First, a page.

The 1993 Suffolk County referendum restricting elected officials to three terms is legal and binding. It is only being challenged because District Attorney Thomas Spota would be prevented from running for office again. I am an intervenor in this lawsuit, and I am determined to see this law remain intact ["DA's sights set on end of term limits," News, June 10].
Spota, Sheriff Vincent DeMarco and Clerk Judith Pascale are asking the State Supreme Court for an advisory opinion and claiming that term limits don't apply to them because their offices were created by the state constitution. Somehow, voters must have been mistaken in choosing to limit their terms to 12 years.
I am appealing to the state to preserve the law against three government officials who are chafing under restraints placed on them by the public. The lawyers, judges and plaintiffs all seem to know each other, and this does not give me much confidence that the term limits will survive. I may have to go outside Suffolk County to a higher court to uphold the term limits referendum.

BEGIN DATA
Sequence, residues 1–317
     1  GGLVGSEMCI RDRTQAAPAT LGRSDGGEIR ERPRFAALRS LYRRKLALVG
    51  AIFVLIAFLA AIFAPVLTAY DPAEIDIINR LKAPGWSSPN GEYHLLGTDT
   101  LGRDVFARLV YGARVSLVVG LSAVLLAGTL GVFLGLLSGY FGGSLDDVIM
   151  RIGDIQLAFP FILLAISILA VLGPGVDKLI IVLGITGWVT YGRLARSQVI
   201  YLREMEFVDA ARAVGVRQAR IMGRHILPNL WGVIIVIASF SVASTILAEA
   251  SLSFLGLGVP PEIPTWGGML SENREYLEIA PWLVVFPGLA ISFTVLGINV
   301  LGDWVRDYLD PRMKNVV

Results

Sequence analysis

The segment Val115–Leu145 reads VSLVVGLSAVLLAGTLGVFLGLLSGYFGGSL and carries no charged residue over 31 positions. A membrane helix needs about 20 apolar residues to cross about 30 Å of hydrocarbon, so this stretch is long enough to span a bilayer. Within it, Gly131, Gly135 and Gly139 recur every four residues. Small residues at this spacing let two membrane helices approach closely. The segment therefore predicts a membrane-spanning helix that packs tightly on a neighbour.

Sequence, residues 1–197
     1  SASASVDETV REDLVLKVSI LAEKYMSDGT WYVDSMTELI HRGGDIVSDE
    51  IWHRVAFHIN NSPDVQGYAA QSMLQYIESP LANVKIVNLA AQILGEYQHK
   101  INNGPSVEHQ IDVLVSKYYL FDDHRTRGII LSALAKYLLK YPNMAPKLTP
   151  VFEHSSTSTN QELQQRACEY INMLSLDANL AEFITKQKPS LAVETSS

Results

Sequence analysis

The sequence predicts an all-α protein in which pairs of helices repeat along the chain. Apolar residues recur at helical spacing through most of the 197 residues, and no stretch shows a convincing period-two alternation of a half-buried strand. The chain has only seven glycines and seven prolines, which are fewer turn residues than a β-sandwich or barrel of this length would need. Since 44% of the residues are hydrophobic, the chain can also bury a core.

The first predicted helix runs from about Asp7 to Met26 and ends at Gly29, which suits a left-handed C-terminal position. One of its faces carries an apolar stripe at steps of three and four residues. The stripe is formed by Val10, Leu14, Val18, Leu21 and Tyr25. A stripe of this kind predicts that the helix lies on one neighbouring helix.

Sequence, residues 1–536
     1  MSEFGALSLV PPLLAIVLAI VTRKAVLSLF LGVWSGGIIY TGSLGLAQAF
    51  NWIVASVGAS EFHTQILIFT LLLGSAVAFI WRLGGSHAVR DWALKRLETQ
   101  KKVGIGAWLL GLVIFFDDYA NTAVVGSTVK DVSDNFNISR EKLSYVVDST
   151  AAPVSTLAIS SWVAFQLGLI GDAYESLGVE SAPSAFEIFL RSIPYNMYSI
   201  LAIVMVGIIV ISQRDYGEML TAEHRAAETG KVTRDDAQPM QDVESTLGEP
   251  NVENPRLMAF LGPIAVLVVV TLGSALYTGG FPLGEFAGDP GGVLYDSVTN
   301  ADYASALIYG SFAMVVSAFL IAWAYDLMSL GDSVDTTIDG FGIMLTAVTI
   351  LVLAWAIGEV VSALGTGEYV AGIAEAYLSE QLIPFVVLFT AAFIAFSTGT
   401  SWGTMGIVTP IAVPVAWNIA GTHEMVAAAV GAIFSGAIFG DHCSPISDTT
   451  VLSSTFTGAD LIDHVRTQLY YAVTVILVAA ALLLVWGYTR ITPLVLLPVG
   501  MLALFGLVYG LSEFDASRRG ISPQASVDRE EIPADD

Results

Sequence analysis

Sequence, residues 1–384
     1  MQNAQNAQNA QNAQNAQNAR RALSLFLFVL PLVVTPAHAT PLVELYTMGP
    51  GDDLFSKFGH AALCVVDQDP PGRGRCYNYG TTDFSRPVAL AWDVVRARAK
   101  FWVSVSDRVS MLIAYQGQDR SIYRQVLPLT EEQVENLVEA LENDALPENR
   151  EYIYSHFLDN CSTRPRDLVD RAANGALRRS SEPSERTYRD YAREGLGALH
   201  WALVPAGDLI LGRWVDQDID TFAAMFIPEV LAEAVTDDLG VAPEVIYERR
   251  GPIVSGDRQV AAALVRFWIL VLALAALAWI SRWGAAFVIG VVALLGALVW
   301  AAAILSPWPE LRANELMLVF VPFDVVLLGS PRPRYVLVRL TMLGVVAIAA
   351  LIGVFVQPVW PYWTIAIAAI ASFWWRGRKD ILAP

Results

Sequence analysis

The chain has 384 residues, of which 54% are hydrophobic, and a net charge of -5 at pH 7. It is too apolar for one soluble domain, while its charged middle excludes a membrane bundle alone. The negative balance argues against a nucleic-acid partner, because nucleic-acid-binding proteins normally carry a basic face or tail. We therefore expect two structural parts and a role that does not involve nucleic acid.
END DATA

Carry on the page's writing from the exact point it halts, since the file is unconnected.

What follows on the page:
This is exactly why we need term limits -- to protect the will of the people from the politically ambitious, and to check power from becoming too great in the hands of the well-connected and well-heeled.
Peter Nichols, Melville